The Dutch government is to appeal a court decision ordering it to pay compensation to the owners of cannabis cafes in the south of the country who claim their incomes plummeted last year when they were forced to become members-only clubs which excluded foreigners.
The decision to appeal was confirmed last night by justice minister Ivo Opstelten, who said the ruling was unsustainable: "This concerns a policy that was set out in detail and approved by parliament – and which we were fully entitled to carry out."
The new wietpas or "weed pass" law was introduced in three provinces around Maastricht in May 2012, barring non-nationals from using the "coffee shops" and requiring Dutch customers to register as members, a requirement rejected by civil liberties groups as an infringement of privacy.
The law was to have become nationwide at the start of this year, but suffered a major setback when Amsterdam – which has some 220 coffee shops – said it would ignore the new legislation, and other cities, such as Rotterdam and Utrecht, followed suit.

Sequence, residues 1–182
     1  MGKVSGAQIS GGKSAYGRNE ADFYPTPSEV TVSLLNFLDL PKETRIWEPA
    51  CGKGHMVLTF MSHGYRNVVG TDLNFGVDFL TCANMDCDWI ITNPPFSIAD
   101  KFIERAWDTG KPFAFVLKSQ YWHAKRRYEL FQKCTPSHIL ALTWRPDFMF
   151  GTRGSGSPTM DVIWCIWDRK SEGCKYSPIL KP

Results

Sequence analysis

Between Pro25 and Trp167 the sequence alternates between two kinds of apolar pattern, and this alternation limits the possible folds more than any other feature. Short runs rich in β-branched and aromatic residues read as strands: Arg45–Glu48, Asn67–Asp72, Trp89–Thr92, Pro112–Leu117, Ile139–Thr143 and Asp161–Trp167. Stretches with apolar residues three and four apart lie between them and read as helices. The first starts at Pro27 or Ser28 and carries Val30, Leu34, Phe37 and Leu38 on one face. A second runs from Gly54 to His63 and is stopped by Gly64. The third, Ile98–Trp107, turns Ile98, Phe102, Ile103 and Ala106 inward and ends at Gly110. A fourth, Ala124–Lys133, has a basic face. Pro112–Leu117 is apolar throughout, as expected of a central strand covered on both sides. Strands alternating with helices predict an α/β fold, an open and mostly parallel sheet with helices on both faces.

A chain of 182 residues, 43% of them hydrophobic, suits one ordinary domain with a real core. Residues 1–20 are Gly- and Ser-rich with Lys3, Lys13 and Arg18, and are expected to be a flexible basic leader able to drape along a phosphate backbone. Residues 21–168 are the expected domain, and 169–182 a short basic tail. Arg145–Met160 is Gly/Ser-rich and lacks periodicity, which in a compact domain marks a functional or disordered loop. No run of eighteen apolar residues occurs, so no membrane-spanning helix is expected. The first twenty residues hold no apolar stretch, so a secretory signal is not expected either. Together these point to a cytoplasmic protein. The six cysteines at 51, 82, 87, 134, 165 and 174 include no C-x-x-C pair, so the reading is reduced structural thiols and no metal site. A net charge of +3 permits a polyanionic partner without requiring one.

The latest decision by a court in The Hague described the requirement to become members-only clubs as “a disproportionate incursion into the interests of coffee shop visitors”, and said it had had the effect of driving customers away, leading to a sharp reduction in business.
Some members of the Dutch Cannabis Retailers’ Association, which took the case, claimed they had lost as much as 90 per cent of their clientele – and that illegal street dealing had increased.
And while the court also ruled that the government was within its rights, that had become virtually irrelevant given the number of local authorities that have opted out.